This old Bible story is a harrowing tale of two people who are hell-bent on having it all. Two people who when given the world, want the moon. Two people who want the one thing they cannot have, cannot rest content with their countless blessings so long as even one lay beyond their clutches, but who go grasping after more and more and destroy themselves in doing so. God set before Eve and Adam the lush bounty of Eden and bid them to feast on its delights: to climb trees and mountains, to stargaze, to swim in the river and dance in the rain, to see and enjoy everything, and taste the goodness of everything – taste of the goodness of everything, except for some ugly, shriveled pomegranate-looking thing. God said, “From every fruit of the garden, you may surely eat. But from the tree of knowledge, good and evil, you shall not eat, for on the day you eat from it, you are doomed to die.” That is, God said, “You have more degrees, more honors, more money, more whatever than you could ever need. Let enough be enough. Learn to say no. Because you will kill yourself trying to have it all. Because you will kill yourself trying to do it all. You will be dead to those you love the most; you will be dead to the ones you are doing all this for.”
I am aware that this old Bible story speaks in stark protest of the spirit of our time. I am aware that this old Bible story affronts some of our own aspirations. I am aware that, at least given the right gadgets, a life coach and enough diet coke, we are all supposed to be able to juggle our way to enduring fulfillment. But that is fantasy. Even in paradise, even in Eden, there were to be limits. There were to be occasions to say yes and to say no, to remain unsatisfied, to disappoint our appetites, and to discipline our whims, to hunger for something we do not and finally will not have. Even in paradise, even in Eden, the flourishing, the bliss God ordained for us was not to be found in having everything we would think we want, but in having formed the right attachments, and in having strengthened them by gifting some measure of our love and of ourselves to them, to them, and not to the myriad other things calling out to us. Even in paradise, even in Eden, we were not destined to have it all; happiness was not to mean having it all.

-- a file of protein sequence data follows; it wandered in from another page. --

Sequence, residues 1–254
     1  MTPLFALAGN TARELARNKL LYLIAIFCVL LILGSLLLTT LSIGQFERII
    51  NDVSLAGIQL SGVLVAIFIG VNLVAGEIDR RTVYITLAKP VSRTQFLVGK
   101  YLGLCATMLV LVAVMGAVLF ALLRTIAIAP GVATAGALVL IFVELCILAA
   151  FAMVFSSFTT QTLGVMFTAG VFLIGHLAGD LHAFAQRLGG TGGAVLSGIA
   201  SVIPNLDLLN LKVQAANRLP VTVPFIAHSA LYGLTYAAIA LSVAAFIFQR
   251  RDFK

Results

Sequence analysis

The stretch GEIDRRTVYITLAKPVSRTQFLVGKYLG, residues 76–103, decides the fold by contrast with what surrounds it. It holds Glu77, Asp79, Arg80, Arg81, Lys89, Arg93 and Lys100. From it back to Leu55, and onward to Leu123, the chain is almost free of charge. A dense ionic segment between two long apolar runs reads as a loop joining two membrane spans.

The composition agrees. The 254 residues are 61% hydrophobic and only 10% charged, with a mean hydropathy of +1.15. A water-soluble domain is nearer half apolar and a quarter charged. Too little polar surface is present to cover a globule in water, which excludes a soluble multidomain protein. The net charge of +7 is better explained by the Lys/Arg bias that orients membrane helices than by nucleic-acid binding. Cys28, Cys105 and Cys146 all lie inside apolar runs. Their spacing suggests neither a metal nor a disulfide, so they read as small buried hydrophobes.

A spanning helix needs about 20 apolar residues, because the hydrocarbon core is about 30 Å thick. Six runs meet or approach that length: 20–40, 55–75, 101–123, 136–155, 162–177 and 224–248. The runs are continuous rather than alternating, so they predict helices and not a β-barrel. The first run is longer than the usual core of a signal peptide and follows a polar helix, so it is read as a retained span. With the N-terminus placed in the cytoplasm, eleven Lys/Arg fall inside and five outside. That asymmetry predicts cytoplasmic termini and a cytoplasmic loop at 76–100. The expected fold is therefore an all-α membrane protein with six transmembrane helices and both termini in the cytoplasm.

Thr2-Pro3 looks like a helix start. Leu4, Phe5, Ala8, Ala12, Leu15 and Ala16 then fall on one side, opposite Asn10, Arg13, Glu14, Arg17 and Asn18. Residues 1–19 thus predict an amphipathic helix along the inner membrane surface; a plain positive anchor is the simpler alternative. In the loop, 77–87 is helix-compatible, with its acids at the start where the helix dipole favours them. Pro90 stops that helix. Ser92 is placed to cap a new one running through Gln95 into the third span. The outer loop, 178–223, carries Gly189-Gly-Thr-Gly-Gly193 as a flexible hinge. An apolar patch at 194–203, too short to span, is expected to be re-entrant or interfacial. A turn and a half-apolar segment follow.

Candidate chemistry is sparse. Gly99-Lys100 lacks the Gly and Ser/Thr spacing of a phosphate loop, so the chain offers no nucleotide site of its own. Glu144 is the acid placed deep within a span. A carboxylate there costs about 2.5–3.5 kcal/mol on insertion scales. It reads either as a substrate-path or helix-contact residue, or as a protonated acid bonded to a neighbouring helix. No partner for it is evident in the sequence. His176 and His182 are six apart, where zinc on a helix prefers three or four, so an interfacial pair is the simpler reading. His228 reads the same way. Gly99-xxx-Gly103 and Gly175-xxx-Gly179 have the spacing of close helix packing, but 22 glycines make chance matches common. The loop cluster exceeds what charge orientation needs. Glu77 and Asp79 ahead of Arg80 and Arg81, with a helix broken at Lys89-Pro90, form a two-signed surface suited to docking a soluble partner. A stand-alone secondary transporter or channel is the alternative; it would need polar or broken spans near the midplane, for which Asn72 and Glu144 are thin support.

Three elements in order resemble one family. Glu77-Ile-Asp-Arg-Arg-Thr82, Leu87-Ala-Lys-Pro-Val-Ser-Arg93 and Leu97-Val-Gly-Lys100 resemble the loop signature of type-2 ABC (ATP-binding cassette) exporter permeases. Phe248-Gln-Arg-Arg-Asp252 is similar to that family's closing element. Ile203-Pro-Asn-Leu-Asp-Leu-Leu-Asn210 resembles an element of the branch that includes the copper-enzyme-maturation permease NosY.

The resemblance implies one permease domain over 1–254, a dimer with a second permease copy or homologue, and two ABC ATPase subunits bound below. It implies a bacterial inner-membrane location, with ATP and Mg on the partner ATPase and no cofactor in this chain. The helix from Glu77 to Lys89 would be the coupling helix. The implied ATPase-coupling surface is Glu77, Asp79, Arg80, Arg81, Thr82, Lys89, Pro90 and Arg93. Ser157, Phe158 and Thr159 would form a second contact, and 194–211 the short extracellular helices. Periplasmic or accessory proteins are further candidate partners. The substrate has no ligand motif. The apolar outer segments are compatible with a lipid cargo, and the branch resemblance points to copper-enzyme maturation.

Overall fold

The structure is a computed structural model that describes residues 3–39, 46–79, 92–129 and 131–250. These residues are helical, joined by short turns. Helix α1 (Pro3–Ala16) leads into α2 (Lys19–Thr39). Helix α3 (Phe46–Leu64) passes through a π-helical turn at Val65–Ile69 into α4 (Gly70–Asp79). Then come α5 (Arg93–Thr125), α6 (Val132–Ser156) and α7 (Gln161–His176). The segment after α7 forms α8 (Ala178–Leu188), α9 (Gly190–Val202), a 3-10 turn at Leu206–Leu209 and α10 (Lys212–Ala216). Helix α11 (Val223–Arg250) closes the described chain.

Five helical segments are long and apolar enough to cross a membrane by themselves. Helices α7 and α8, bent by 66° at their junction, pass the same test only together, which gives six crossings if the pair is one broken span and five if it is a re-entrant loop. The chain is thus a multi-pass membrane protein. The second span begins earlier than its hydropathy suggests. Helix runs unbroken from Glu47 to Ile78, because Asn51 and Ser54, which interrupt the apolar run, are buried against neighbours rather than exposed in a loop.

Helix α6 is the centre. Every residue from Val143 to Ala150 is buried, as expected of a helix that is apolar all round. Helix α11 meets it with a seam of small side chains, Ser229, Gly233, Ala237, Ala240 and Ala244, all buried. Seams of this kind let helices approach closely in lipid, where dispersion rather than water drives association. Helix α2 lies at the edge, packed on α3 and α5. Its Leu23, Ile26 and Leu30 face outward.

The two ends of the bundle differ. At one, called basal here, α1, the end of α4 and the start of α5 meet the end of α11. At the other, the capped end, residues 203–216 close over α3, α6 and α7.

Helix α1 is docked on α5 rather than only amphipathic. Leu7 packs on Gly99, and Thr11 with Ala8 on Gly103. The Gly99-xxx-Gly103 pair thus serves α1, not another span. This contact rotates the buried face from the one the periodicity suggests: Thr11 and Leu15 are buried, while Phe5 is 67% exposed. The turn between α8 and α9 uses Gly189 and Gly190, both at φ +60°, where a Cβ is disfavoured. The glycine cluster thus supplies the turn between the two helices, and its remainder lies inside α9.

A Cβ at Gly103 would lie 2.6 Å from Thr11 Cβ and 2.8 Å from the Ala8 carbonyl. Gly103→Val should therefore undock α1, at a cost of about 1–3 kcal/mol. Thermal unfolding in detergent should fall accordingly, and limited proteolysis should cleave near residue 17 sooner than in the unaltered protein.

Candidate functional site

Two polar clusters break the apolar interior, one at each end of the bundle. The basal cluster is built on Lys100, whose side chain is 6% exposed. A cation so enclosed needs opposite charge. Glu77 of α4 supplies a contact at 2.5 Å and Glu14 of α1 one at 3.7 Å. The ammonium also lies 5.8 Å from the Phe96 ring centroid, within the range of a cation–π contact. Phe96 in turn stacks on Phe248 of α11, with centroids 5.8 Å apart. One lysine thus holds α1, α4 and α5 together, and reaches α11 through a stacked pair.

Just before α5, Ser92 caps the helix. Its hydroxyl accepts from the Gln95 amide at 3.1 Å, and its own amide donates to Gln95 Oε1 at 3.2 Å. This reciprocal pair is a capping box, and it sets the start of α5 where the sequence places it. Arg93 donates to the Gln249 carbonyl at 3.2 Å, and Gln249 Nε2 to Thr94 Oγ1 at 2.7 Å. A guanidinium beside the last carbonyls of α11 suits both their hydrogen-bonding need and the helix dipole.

You know, when we fast in Lent, when we say no to this so we can say yes to that, to that which is better, when we deny ourselves something we want, friends, that is life as God intended it; not eating everything we might eat, not doing everything we might do, not having everything we might have – that is the way of paradise. That is the way of Eden. That is the way of blessedness, which Eve and Adam reached beyond, but to which we do not have to reach. When you fast in Lent, when you give up meat or coffee or chocolate, the point is not that you are starving yourself for forty days, but that you are coming to see, in a far deeper sense, you are coming to see that you have been starving yourself for years. You can give up liquor, you can put the bottle at the back of the shelf until Easter Sunday, but that is not the deprivation. The deprivation is the sort of same-old, same-old, almost getting by, almost getting ahead, almost getting it all, soul-crushing treadmill of a life that you are buckling under, that you have been at and that is making you miserable, that is making those around you miserable. When we fast in Lent, we discover that the suffering is not in our giving any one thing up, but rather the suffering is in our giving in to everything we think we need and think we want, the suffering is in indulging the Siren songs of our deepest fears and insecurities which beckon us to work, to earn, to volunteer, to buy, to consume, to accomplish our way to wholeness. When we fast in Lent, when we practice saying no to this, so we can say yes to that, to that which is better!, when we fast in Lent, we take baby steps toward freedom from the false happiness of having it all. May it be so. Amen.